Complex and multi-layered flavours jostling for position. Goes with pork, chicken and wines.
Venezuela, Dominican Republic, Peru, Ecuador
Roasted flavours, led by mellow notes of roasted nuts. Ideal with fish, eggs and desserts.
Demystifying Cocoa Percentages
The percentages used on chocolate labels can sometimes seem a bit confusing. A 40% milk chocolate, for example, is not made with 40% milk. The percentage always refers to the amount of cocoa used in the recipe, and the rest will either be all sugar (darks) or milk and sugar (milks/whites).
You’ll find higher percentages in dark chocolate recipes, with less in milk, and least in white. Surprisingly, one of the UK’s most famous dark chocolates contains just 39% cocoa, and its milk counterpart only 23%. That means the largest ingredient overall is sugar. We believe this is wrong. We always prefer to use more cocoa in our chocolate for an authentic and satisfying cocoa hit. We put 40 – 70% cocoa in our milk and Supermilk chocolate, and 70-100% in our dark.
Our white chocolate has a much higher cocoa percentage than average, at 36%.
Sugar only costs a tenth of the price of even the cheapest cocoa beans, so it’s no wonder that it is tempting for low – quality makers to use so much of it. But in the world of fine chocolate, deciding on whether to use, say 73% or 75% cocoa in a recipe is the chocolatier’s choice and depends on the quality, character and flavour profile of the bean harvest. In many ways, deciding the cocoa percentage is like deciding the alcohol level in a good wine.
How To Melt Your Chocolate
In a Bain-Marie (recommended)
This traditional method offers a great deal of control. Put your chocolate in a bowl set over a pan of simmering water, ensuring the bowl doesn’t actually touch the hot water (or it can burn the chocolate). Heat in the steam for about 2 minutes until fully melted, stirring occasionally.
In a Microwave
Put your chocolate in the microwave on high power for a total of 40-50 seconds, but only in 10 second bursts, stirring in between to ensure it doesn’t burn. Stop when fully melted.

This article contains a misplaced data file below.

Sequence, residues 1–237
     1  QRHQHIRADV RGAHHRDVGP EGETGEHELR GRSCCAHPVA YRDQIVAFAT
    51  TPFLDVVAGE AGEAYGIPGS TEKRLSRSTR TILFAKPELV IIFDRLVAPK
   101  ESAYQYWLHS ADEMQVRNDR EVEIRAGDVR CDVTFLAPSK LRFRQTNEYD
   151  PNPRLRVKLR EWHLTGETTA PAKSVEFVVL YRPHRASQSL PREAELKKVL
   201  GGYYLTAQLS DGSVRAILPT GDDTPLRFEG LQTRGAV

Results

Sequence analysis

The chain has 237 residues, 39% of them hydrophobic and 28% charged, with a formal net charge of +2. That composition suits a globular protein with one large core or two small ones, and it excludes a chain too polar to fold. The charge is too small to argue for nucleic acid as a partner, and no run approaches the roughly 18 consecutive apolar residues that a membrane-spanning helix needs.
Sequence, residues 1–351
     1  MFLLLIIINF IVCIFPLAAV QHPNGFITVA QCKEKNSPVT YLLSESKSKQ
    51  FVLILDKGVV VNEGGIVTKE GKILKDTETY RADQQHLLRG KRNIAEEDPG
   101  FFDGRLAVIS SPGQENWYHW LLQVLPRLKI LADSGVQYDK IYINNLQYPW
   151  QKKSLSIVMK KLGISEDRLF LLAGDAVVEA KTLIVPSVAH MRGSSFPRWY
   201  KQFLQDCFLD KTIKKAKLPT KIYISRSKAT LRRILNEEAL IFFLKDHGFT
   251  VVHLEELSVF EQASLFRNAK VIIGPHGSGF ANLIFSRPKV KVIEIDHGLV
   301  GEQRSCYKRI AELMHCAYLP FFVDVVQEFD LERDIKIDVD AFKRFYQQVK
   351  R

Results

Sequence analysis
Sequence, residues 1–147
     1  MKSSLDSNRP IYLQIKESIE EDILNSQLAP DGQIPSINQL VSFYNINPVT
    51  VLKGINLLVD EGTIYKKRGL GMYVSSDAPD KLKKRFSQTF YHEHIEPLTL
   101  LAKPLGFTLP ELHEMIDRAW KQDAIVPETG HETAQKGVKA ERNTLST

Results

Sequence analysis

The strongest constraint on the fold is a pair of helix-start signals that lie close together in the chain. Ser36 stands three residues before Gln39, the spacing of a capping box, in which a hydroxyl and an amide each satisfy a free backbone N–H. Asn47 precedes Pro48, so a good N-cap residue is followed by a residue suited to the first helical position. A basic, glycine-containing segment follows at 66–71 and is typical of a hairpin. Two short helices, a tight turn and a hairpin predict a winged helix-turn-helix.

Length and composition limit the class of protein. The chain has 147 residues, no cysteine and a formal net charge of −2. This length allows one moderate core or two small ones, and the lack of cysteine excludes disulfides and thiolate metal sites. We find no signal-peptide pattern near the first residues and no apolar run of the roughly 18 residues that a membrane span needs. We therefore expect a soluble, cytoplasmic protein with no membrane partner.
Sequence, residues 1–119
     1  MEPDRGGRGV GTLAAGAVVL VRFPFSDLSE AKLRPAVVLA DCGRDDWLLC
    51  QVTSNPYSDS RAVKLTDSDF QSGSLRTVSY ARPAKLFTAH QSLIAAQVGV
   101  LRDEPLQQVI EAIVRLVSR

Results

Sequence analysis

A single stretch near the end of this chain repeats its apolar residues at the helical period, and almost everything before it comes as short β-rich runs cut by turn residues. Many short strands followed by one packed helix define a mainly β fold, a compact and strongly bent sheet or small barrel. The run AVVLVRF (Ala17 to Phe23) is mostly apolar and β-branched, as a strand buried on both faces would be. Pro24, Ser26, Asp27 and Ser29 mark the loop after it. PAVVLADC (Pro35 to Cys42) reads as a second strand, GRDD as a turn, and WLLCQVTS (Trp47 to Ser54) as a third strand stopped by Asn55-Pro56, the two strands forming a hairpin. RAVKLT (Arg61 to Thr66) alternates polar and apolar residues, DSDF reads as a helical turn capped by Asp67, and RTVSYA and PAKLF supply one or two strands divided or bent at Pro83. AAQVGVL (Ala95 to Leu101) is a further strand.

Essential Cocoa Nib Know-How
Knowing how to extract the best flavours from your cocoa nibs is essential to many of our recipes. It’s easy to buy cocoa nibs these days, but they can be of variable quality. Follow our tips below to make sure you get the most flavour possible from your nibs.
Awakening your Nibs
Often your nibs will have a silver grey hue to them as they have oxidised around the outside. This is harmless, but we recommend you grind them vigorously in a pestle and mortar for 30 seconds. You’ll see the nibs turn a gorgeous mahogany brown, their amazing flavour and aroma awoken at the same time.
Soak them in Water
After awakening, the nibs may still be hard and flinty. Soak them in a little hot water (just enough to cover them) for about 20 minutes which will soften them, the soaking liquid can be set aside as a flavoursome stock.
Storing your Nibs
Just like coffee, roasted nibs should be kept in an airtight container. If you are able to source ‘just roasted’ nibs or have made your own, you can freeze them in an airtight container until needed, retaining maximum flavour.
- preparation time: 60 mins
- cooking time: 40 mins
- ease of preparation: Easy
- makes: 10